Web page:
Figures launched Wednesday by LexisNexis Risk Solutions indicate a single in 4 surveyed insured motorists in the United Kingdom say it really is acceptable to mislead insurers to minimize their car insurance premiums.
Forty % of respondents – identified as insured drivers and policy decision-makers – think the cost of their policy is as well high, and numerous are taking fraudulent measures to minimize the value, notes a statement from LexisNexis Chance Answers, a supplier of information to assist predict, assess and handle threat.
The poll carried out on behalf of LexisNexis by Client Intelligence concerned 951 adults residing in the U.K. Fieldwork was done June 21-26, 2013.
In all, 25% of those polled report that they believe some omission or adjustment of information is acceptable in purchase to reduce premiums when applying for motor insurance coverage, LexisNexis reviews.
Slightly far more than that, 29%, admit to “fronting” their policy by naming someone other than the individual who will drive the automobile the most. This determination is influenced by a number of elements, which includes who has the principal revenue, mentioned by 25% of respondents a better driving record, cited by 12% or who has historically had a reduce cost policy, reported by eleven%.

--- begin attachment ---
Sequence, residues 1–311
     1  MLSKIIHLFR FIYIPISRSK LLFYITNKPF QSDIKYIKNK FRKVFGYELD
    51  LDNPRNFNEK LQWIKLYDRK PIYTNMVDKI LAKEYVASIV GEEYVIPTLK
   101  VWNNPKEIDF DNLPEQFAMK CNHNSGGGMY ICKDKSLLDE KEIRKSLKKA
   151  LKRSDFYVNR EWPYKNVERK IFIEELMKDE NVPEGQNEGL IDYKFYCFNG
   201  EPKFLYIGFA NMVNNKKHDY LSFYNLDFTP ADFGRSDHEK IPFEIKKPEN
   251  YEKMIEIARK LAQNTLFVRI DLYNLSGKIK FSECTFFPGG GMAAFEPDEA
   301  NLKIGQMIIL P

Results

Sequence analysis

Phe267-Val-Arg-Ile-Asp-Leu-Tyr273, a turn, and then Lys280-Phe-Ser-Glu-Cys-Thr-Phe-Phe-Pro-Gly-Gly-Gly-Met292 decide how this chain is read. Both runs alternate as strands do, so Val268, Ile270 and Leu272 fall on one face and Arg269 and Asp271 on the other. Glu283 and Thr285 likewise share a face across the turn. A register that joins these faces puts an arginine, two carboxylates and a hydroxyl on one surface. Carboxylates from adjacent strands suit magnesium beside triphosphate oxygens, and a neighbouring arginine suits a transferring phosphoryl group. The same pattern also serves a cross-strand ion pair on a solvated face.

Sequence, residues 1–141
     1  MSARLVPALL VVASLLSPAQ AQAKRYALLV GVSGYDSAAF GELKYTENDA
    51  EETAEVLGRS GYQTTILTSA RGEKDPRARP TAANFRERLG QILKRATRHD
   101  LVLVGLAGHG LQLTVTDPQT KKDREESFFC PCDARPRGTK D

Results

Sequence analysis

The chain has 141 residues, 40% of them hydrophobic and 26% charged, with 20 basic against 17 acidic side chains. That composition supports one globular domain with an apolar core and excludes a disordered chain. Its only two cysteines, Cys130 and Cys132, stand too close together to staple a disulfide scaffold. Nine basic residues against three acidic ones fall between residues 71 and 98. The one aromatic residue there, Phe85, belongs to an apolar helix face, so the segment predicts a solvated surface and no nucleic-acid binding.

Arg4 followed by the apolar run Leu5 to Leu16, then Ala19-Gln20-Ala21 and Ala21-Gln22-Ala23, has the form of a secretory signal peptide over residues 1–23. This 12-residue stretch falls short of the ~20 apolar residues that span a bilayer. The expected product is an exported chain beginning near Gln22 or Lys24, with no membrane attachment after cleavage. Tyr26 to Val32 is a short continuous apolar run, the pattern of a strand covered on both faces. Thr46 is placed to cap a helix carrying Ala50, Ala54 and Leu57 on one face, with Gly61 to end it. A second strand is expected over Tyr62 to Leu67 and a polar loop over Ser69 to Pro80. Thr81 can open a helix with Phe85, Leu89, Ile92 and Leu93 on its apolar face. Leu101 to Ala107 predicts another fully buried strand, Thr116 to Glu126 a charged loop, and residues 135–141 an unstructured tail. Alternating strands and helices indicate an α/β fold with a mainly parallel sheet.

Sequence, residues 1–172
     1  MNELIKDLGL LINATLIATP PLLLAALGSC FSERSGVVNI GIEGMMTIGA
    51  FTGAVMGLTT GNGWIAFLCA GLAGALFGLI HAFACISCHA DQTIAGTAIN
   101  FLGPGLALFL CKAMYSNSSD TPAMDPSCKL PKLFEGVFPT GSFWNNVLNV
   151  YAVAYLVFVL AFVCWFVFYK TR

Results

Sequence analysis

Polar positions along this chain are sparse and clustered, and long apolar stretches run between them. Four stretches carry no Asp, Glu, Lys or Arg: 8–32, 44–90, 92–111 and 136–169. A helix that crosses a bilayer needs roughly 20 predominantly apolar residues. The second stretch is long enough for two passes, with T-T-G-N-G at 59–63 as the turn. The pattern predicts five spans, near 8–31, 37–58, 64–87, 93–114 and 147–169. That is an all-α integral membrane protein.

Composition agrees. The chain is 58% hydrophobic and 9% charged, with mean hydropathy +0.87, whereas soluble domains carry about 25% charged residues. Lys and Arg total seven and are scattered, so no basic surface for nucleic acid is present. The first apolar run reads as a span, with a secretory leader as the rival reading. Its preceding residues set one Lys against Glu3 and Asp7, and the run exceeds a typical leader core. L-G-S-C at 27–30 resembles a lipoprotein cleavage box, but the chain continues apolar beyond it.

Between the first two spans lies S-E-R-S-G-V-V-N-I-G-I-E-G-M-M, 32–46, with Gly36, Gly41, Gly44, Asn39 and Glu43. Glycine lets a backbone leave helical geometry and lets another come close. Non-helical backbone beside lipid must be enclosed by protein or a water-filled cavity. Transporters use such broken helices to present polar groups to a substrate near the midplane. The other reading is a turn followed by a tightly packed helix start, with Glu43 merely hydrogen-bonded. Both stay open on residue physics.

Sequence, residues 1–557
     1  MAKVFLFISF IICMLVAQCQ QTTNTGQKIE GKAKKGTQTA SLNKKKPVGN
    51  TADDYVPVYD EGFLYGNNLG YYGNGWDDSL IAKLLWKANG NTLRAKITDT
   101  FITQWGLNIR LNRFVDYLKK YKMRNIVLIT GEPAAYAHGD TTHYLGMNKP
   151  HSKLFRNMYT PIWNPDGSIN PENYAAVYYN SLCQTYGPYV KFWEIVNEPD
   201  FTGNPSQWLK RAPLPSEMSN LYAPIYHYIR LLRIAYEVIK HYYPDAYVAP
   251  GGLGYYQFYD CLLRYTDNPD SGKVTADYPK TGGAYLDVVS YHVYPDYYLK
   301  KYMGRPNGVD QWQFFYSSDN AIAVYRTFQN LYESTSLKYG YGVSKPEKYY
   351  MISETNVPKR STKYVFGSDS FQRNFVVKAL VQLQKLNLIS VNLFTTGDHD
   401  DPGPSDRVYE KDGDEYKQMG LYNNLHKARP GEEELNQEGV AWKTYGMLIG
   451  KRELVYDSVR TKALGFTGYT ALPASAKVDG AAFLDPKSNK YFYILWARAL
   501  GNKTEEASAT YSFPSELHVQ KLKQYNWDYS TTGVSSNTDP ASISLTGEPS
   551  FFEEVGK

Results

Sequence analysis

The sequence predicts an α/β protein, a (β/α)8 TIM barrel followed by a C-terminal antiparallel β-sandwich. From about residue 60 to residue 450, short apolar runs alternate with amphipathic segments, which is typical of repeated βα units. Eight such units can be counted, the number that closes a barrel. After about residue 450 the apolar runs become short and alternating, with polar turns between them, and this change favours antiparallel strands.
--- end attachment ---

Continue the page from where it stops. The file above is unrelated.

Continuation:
“Whilst a quarter of people feel it is acceptable to omit or modify information when applying for car insurance, the bulk acknowledge that this is unacceptable behaviour,” Bill McCarthy, managing director, U.K., Insurance for LexisNexis, notes in the statement.
“One resolution for insurers to help address shoppers who are prepared to mislead is to verify that the data that consumers are telling them is appropriate via wise use of information verification and analytics,” thereby helping insurers to underwrite threat a lot more accurately, McCarthy suggests.
Some buyers could not even realize that adjusting or omitting data can constitute fraud. “This is a chance for the 2 parties – customers could find themselves without having cover in the event of an accident and insurers can uncover themselves exposed to unforeseen chance,” McCarthy cautions.
Other survey findings include the following:
- 13% report it is acceptable to use someone else’s tackle when applying for motor insurance
- 15% say it is acceptable to try to modify their number of “no claims discount” years to accomplish a better discount and
- 8% note it is acceptable to exaggerate the severity of a individual injury, this kind of as whiplash, to improve the funds paid out.
On the optimistic side, LexisNexis reviews that 64% of respondents are comfy with a telematics-kind of solution that would share details about the events foremost to a traffic accident to aid determine which driver was at fault.